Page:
Developing in Chrome
Developing in Chrome requires knowledge to modify a few runtime settings and to get familiar with the Developer Tools.
Launching Chrome for CloudTV HTML5 Application Development
The default installation of Chrome does not have several features which will be required to develop an application and test in Chrome. Specifically, it lacks:
Remote data access:
Applications are installed in the data center, so access to data is needed across domains in order to access your web server or servers, such as graph.facebook.com.
In order to enable remote data access in your CloudTV applications (without creating a data proxy, as CloudTV allows locally running HTML to access remote APIs), copy your shortcut to Chrome and add the flags to your shortcut:
The easiest way to run Google Chrome with --disable-web-security is to run the following DMG, which is an automator script. Make sure to COMMAND+Q (QUIT) Google Chrome before running. (NOTE: you should never run any application other than your's in this instance of Chrome as it will allow cross-domain requests)
Create a new path to launch Google Chrome, identical to your current Chrome application launcher, but append the argument
"--disable-web-security" to the argument list. To do this, open up Terminal and paste the following command. Make sure Google Chrome is not open, as this will need to be the only instance of Google Chrome running on your desktop at the time. This is the command:
nohup /Applications/Google\ Chrome.app/Contents/MacOS/Google\ Chrome --disable-web-security --user-data-dir > /dev/null &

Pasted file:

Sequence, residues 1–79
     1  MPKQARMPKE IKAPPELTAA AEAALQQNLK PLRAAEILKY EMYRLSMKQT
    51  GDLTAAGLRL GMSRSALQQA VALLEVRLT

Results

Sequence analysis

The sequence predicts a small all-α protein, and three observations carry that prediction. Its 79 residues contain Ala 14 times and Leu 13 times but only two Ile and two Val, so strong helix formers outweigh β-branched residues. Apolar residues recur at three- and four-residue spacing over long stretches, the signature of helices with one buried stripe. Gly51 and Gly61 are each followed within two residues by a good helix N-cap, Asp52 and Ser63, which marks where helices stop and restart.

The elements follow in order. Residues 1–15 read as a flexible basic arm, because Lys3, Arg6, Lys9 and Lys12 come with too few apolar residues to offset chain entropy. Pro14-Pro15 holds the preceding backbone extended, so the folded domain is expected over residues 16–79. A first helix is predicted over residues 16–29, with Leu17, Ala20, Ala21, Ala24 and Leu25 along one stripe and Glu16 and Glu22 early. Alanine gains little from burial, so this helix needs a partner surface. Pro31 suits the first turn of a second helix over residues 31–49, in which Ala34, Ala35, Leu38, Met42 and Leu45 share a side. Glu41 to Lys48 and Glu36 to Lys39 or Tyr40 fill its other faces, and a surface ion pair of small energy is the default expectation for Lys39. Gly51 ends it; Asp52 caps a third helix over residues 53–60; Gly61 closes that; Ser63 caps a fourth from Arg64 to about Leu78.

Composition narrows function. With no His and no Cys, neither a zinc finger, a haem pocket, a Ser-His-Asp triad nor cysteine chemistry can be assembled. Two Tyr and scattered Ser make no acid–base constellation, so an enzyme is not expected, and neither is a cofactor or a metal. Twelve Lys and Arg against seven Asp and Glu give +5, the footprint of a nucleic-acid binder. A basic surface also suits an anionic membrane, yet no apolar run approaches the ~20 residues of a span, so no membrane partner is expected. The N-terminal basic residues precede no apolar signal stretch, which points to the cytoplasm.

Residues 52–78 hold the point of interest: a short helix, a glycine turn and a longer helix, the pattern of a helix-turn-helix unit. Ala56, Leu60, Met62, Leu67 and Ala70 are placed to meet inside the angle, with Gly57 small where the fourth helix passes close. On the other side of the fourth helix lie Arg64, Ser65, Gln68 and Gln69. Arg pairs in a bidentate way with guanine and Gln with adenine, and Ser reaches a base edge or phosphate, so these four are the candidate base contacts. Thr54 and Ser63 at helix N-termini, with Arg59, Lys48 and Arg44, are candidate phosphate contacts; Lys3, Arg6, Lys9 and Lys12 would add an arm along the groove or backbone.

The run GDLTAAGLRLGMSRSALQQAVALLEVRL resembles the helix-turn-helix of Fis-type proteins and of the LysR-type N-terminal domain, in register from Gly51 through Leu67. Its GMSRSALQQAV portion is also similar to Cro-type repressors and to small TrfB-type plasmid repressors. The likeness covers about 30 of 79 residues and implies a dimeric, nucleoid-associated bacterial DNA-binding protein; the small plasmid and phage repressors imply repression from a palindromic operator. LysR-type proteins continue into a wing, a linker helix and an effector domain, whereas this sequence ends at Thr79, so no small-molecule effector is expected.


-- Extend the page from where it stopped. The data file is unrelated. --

- Run the BAT file to exit chrome and launch a new instance with --disable-web-security (NOTE: you should never run any application other than your's in this instance of Chrome as it will allow cross-domain requests)
- Or create the bat yourself, it is very short:
taskkill /IM chrome.exe /F start chrome --disable-web-security --user-data-dir EXIT /B
Accessing the Developer Tools
Chrome offers a rich set of tools that aid in development of web pages and applications. Those familiar with the Firebug extension for Firefox will already know the benefits of having CSS, network inspector, and console tools available to you at run time. Chrome offers these features:
- Script Access – ability to add/remove breakpoints and step through code, introspecting on the call stack, scope variables, and a large group of standard debug tools familiar to developers who have used Zend Studio or Visual Studio.
In Google Chrome:
- Click on the settings icon.
- Select "Tools" > "Developer Tools".